Aristotle described the world as a place of change and movement, where every effect has a cause and every cause an effect.

The leaf falls from the tree because of a gust of wind shakes it loose. The gust of wind blows because a storm is brewing. A storm is brewing because a warm front and a cold front collide and cause turbulence. And so on.

But, Aristotle asked, how was this chain of events set in motion?

He reasoned that there must have been a first cause, an Unmovable Mover. This force would be unchanging and unmoving, yet causing all other things to move.

The cool, creeping autumn air sparks such questions in our minds. At night, we close the old, creaking windows against cool air. We look out to see flocks of birds circling restlessly in whirls of dark wings. When we rise in the morning for work, everything is black as pitch.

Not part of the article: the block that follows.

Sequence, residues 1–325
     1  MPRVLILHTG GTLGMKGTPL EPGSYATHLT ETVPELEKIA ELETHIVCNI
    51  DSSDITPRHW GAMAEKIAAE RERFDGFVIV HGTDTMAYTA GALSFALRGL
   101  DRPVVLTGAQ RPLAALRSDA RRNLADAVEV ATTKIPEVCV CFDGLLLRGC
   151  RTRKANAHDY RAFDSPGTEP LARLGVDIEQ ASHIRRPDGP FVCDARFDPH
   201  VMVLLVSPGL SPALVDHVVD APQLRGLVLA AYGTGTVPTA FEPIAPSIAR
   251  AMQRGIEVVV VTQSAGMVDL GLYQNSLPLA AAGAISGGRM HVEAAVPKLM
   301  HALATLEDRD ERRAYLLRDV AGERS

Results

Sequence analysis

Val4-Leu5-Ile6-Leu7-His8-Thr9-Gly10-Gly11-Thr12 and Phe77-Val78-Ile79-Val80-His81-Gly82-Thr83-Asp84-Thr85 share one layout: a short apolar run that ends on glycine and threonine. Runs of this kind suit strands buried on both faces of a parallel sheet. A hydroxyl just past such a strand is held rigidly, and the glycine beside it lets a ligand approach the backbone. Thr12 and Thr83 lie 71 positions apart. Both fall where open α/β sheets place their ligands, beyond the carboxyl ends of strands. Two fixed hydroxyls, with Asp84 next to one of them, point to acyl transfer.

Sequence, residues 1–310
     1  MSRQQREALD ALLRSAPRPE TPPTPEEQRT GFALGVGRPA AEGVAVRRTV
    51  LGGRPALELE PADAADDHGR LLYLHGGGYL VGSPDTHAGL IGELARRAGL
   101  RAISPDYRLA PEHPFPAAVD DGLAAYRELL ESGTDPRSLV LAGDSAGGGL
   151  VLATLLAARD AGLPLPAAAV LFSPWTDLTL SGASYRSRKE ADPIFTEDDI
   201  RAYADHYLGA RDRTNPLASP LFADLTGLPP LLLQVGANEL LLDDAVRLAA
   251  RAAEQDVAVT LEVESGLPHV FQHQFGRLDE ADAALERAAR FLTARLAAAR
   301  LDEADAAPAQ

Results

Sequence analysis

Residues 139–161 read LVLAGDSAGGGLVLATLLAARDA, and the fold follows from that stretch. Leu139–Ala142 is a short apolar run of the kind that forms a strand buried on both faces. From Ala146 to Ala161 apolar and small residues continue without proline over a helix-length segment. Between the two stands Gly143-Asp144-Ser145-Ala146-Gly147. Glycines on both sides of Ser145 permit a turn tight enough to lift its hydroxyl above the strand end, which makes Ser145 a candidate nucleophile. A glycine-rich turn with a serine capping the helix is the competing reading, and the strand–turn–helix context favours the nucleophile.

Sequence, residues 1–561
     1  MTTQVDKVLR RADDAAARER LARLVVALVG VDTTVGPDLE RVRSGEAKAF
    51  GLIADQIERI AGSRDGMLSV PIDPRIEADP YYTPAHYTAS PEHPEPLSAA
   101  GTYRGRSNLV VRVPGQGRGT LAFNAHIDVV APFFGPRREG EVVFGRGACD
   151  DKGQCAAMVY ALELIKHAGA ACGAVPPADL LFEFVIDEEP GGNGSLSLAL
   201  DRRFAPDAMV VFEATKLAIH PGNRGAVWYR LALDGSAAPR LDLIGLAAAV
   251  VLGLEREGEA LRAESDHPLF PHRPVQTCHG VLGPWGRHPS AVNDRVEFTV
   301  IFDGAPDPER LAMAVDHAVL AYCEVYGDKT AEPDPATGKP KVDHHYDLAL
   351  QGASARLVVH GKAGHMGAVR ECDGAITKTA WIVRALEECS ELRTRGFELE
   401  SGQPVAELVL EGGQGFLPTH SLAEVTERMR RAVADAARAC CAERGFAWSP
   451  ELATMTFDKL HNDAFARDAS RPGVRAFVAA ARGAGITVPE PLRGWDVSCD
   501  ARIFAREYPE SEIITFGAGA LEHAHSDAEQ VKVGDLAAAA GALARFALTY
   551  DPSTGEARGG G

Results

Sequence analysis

Today, in the bright orange light of late afternoon, I went for a run on the Greenway. As I crossed the bridge, I peered down at the water and saw a fisherman. He wore waders and his white-bearded face peered from beneath a gray cloth hat. He cast his line and slowly reeled it in, with an air of quiet serenity.

One would imagine he’d stood there all the ages of time, holding his pole and smiling at the river rushing by.

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